For more, visit the Revive website

Disclosure

I paid to attend this retreat and did not receive any incentive or discount to write about it. I had a great time and reckon you might too.

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Ten things to bring on long flights

Living in Australia is great, so great. Except when you want to go to Europe or America or, well, anywhere more than a five-hour flight away, which for me living in Perth, Western Australia, is just about everywhere (except Bali, Adelaide, Melbourne and Sydney). To make long-haul plane travel more bearable, I have mastered what you need to pack in your carry-on luggage. My main objective it to sleep. My secondary objective is to be distracted and/or entertained so I don’t get too fidgety or claustrophobic.

In order of importance, my Top 10 things to take on the plane with you in your onboard luggage:

 

1. Neck pillow

I was never a fan and thought travellers were just trying to make a statement with their neck pillows dangling off their backpacks, that is until I travelled with one. It raised the comfort level of seat 32A to something far more civilised. Not quite Business Class level (let’s be real, not even close), but with a neck pillow, I slept. Amazingly, I actually fell asleep sitting upright on a plane and slept quite soundly. That was a first and from that moment on, never would I be without my beanbag neck pillow again. Best $20 I ever spent. And when not sleeping, it’s great for balancing the laptop on (see 7 below).

Available from David Jones, $19.95 #notsponsored

2. Noise cancelling headphones

How I love my Bose noise cancelling headphones. They are a game changer, an expensive game changer at about $400 a pair, but worth forking out for if you can afford it. I don’t know how I ever lived without them. With my neck pillow in place and my headphones on and the in-flight entertainment set to the ‘silent’ channel, no wailing toddler or chatty travellers or noisy coughers shall rouse me from my upright slumber. p.s. reckon my next pair will be Beats wireless noise cancelling headphones – Zorba loves his and the case is smaller than the Bose one. Also, the leather around ear pads and top bar on my Bose headphones started to flake after 2.5 years.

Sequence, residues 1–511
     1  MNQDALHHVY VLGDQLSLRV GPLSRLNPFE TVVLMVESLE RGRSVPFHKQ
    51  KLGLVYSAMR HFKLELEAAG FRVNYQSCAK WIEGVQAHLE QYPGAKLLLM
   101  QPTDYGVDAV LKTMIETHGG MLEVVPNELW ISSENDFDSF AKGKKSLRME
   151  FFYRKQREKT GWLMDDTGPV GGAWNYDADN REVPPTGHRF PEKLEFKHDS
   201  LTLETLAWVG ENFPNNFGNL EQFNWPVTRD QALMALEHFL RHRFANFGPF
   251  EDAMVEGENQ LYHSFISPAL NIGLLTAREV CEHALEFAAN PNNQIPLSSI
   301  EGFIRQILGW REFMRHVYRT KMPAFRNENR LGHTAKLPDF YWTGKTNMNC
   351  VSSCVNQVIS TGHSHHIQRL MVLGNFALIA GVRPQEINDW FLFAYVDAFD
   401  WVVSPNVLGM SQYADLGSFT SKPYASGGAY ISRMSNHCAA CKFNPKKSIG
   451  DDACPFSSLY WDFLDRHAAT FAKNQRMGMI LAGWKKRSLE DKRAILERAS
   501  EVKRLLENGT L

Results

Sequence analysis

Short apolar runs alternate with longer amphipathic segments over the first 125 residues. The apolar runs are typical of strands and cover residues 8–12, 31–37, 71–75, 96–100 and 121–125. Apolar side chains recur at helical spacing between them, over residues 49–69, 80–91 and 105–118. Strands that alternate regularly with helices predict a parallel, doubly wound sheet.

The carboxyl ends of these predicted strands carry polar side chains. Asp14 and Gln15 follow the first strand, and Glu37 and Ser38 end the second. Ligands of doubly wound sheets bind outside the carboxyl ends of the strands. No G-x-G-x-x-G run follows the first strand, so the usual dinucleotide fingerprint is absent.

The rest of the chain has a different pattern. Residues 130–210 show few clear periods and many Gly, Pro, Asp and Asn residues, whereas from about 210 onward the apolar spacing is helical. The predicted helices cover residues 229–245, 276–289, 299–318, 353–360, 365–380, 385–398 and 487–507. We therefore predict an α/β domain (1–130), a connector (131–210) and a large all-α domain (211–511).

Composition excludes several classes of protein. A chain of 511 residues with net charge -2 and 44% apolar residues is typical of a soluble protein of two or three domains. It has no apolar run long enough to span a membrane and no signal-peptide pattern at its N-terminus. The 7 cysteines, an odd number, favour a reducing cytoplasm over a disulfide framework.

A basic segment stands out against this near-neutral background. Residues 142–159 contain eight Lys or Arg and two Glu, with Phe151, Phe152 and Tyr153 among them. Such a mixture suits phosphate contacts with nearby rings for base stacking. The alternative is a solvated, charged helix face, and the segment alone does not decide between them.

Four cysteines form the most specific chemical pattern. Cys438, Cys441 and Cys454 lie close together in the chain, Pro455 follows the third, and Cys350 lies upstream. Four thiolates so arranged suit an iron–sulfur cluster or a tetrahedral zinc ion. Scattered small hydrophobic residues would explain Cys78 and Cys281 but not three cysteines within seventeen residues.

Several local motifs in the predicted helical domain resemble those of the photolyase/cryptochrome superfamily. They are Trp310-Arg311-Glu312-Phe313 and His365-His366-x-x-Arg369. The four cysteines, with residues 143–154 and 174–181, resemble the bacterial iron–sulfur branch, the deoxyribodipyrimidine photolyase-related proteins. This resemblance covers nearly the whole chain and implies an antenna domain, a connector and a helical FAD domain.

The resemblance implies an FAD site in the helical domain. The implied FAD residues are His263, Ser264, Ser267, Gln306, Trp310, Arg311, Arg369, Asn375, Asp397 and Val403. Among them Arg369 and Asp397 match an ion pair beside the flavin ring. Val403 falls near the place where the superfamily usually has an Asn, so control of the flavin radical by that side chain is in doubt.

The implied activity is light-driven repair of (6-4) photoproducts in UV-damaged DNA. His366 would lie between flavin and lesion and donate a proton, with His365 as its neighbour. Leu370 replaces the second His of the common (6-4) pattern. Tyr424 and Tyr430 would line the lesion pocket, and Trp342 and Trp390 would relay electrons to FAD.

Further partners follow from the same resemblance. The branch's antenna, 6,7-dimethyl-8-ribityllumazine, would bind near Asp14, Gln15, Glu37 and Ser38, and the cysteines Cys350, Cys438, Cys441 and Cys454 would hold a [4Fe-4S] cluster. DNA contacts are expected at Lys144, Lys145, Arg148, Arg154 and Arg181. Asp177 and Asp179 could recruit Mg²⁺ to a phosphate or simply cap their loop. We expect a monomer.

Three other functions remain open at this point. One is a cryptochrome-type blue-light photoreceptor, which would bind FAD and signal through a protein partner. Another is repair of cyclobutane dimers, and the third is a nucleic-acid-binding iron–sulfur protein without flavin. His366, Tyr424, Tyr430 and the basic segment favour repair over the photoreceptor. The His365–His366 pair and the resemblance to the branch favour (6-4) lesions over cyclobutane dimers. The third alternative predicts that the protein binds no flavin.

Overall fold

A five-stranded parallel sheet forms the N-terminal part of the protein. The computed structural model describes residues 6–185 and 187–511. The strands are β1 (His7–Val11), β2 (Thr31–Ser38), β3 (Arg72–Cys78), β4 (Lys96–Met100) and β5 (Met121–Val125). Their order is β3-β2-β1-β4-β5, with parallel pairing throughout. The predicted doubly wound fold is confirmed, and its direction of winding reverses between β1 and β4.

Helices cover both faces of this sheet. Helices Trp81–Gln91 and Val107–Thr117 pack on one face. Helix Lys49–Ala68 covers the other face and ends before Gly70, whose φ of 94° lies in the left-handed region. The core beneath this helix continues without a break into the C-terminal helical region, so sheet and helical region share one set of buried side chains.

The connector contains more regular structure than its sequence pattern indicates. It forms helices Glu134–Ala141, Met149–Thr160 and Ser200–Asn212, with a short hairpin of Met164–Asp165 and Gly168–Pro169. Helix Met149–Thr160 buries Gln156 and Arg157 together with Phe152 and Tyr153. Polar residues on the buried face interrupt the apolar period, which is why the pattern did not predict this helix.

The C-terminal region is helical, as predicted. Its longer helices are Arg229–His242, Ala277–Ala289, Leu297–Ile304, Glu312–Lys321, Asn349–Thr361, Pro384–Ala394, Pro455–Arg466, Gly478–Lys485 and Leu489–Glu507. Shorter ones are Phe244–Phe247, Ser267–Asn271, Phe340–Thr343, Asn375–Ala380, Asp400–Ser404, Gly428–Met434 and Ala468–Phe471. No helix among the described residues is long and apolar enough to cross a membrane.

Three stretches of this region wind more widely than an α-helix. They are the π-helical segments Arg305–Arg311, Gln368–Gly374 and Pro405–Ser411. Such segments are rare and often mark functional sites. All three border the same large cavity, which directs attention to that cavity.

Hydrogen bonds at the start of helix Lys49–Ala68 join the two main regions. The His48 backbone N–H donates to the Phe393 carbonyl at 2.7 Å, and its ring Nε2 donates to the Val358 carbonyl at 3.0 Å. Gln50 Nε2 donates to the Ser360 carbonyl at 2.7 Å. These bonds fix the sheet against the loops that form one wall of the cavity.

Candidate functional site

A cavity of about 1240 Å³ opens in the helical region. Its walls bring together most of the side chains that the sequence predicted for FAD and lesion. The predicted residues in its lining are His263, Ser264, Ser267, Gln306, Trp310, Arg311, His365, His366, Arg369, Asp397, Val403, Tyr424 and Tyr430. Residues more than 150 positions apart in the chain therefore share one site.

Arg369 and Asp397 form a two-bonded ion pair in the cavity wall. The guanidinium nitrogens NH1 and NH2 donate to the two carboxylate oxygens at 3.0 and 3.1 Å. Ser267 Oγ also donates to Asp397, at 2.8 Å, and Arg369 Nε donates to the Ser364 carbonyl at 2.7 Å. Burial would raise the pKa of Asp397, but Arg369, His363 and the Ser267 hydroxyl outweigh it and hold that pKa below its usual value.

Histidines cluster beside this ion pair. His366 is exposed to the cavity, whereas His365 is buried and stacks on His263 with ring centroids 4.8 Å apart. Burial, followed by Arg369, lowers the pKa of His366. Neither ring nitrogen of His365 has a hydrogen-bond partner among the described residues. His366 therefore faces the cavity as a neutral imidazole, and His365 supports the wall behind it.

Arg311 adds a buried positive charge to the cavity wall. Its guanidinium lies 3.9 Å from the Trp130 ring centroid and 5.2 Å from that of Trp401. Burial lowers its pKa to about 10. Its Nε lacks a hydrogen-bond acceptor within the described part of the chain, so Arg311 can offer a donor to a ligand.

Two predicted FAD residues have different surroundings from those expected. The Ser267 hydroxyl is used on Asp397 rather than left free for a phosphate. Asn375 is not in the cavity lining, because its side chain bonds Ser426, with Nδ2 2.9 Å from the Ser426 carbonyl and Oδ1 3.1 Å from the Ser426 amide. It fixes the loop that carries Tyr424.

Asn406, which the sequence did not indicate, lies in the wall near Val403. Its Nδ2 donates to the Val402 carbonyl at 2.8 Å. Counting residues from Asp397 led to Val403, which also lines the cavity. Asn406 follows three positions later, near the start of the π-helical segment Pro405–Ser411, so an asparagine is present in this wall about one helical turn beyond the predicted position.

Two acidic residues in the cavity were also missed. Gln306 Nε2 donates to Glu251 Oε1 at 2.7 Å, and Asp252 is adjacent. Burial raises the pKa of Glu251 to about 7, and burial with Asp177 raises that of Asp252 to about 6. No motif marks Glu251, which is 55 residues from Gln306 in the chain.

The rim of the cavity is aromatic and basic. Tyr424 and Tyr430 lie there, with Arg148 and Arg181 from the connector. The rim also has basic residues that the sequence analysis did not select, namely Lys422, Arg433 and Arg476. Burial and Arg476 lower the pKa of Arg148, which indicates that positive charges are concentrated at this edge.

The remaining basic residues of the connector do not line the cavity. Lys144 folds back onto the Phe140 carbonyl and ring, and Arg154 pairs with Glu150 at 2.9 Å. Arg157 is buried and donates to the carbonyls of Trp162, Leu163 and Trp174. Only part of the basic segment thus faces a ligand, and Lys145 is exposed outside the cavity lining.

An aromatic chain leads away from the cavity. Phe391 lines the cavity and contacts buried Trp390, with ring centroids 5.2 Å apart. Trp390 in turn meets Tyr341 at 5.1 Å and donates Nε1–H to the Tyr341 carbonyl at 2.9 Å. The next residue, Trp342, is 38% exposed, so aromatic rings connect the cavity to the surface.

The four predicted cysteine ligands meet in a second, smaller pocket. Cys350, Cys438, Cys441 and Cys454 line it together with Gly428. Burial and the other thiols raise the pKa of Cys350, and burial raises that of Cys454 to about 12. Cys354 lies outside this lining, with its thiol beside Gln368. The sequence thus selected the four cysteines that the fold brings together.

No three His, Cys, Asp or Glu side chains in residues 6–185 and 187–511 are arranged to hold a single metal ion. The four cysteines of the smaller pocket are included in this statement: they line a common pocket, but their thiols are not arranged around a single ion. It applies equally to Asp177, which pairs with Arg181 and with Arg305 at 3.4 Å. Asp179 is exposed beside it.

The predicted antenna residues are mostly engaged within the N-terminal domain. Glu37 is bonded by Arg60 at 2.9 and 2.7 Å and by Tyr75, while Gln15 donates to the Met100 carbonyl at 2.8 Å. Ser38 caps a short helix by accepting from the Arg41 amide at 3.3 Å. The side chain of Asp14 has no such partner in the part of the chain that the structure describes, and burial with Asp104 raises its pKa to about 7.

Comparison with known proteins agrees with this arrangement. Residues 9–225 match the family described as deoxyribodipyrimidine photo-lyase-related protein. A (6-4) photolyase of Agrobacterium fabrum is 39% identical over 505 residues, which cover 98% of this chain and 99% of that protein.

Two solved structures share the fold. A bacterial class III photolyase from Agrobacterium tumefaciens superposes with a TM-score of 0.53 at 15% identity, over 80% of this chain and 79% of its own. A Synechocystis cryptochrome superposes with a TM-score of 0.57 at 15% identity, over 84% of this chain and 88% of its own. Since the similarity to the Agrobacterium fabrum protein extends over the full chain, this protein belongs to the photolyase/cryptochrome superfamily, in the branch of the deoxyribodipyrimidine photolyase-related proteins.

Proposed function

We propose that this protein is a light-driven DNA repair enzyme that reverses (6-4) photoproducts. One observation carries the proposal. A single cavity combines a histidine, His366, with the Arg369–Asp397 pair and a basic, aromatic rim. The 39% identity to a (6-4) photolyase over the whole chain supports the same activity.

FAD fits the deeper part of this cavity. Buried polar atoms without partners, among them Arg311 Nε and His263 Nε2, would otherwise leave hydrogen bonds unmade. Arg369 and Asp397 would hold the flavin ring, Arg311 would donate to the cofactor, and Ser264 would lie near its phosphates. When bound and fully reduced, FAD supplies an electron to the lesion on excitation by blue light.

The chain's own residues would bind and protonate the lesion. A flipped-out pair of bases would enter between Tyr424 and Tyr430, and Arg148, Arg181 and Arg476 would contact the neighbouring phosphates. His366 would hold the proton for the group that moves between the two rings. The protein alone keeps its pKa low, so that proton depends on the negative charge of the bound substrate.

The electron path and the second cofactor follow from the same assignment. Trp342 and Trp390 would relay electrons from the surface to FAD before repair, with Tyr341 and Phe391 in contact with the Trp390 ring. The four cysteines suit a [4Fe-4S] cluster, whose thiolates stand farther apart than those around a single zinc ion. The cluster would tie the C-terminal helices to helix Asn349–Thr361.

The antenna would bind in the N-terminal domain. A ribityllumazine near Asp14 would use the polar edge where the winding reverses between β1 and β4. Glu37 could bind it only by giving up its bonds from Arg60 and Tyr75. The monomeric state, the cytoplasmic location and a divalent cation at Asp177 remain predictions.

3. Ear plugs

Who would’ve thought I could have so much love for two little thimble sized pieces of foam? A good option for those who don’t have noise cancelling heaven-sent headphones, but when used in conjunction with the above-mentioned headphones, it increases the levels of comfort and the silence is almost complete.

4. Comfortable eye mask

When you walk out of any long haul flight, try to pick up an unused / left behind vanity kit in Business Class – their eye masks are bigger, better and way more comfortable and effective at blocking out the light than the economy ones. So many times I’ve wanted to shout: seriously, unless we’re flying over a city or there is breathtaking sunset or sunrise, close your blind so we can get some sleep!!